The Real Johnny Hall
- Our Three Selves: A Life of Radclyffe Hall by Michael Baker
Hamish Hamilton, 386 pp, £13.95, June 1985, ISBN 0 241 11539 6
When The Well of Loneliness came out in July 1928 the reviewers were not astonished. Both Leonard Woolf and L.P. Hartley thought the book sincere, but overemphatic. The Times Literary Supplement also called it sincere, and Vera Brittain said it was ‘admirably restrained’. It sold quite well, going into a second impression, and Radclyffe Hall, with her lover Una Troubridge, thought of taking a cottage in Rye. She may have felt some disappointment, having planned her novel in a crusader’s spirit. She claimed to have written the first full-length treatment in English of women who loved women. In Rosamond Lehmann’s Dusty Answer, she said, ‘the subject was only introduced as an episode.’ (She seems not to have known Dickens’s Tattycoram and Miss Wade.) She wanted to ‘smash the conspiracy of silence’, but found herself instead mildly successful at W.H. Smith and the Times Bookshop.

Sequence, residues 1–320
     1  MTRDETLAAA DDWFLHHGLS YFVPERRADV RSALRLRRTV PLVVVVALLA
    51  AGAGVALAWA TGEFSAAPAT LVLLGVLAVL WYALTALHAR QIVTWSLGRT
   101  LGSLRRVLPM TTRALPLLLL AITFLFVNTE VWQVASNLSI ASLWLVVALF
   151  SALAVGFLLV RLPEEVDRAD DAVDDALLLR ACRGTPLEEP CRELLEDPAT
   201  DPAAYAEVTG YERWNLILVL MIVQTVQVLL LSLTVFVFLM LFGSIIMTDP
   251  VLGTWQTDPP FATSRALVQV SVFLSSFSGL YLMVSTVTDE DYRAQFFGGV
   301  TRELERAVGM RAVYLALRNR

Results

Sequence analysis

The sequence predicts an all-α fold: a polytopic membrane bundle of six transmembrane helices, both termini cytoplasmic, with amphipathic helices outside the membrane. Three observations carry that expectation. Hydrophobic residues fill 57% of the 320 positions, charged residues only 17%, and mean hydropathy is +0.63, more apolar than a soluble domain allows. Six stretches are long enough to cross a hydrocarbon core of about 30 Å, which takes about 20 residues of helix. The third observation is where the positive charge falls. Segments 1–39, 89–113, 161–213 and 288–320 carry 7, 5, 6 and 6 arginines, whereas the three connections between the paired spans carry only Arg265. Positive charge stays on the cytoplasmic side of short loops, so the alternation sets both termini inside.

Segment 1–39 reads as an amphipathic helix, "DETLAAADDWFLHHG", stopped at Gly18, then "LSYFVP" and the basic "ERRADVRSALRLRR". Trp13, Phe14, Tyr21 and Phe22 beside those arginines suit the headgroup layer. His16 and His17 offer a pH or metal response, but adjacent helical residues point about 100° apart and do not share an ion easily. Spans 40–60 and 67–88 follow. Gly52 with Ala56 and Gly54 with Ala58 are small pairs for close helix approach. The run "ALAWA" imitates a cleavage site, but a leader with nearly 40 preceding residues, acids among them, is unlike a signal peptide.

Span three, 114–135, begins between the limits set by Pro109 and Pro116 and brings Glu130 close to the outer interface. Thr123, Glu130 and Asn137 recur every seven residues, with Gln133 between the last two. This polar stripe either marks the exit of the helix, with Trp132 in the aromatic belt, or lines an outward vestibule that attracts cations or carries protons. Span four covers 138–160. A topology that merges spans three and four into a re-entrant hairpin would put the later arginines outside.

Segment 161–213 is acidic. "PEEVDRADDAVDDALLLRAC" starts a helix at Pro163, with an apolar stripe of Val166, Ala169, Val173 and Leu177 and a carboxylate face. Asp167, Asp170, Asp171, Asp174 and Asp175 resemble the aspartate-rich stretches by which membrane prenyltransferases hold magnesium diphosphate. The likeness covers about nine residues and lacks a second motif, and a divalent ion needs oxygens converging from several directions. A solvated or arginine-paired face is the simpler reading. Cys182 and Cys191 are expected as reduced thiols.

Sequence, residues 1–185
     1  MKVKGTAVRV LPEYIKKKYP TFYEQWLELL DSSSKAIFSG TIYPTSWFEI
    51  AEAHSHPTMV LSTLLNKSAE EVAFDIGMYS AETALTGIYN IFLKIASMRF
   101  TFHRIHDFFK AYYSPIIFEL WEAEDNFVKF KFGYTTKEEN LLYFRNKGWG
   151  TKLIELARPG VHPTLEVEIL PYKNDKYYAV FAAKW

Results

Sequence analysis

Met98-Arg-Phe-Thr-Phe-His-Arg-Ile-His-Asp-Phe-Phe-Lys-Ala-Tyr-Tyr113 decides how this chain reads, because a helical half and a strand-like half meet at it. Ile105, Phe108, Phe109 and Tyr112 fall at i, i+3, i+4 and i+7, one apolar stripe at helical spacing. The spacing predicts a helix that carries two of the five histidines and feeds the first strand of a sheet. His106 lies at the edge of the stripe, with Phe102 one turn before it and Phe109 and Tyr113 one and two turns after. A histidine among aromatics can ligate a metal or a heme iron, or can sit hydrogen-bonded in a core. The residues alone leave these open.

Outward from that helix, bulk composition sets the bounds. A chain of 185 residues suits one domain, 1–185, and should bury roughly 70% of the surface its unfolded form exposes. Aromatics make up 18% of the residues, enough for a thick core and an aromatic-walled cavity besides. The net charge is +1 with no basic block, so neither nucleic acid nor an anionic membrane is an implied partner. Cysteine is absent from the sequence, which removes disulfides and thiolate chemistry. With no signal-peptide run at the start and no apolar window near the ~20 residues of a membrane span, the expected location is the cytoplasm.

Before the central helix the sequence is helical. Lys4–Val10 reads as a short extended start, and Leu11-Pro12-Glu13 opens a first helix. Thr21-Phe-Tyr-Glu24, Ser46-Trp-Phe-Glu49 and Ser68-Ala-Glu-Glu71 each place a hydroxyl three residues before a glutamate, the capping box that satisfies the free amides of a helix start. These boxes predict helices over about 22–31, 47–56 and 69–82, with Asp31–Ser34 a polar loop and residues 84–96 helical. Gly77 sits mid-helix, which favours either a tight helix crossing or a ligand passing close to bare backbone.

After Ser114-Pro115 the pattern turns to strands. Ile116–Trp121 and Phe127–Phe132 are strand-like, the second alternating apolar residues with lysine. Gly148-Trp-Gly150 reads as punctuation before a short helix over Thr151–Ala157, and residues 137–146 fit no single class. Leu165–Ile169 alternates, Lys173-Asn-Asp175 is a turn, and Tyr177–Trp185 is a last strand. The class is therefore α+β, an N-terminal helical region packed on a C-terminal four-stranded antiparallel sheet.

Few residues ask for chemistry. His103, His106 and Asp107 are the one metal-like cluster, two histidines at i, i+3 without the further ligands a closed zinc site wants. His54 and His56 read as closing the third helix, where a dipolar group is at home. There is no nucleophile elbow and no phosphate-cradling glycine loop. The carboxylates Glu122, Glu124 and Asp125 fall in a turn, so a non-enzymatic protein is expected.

The full text of this book review is only available to subscribers of the London Review of Books.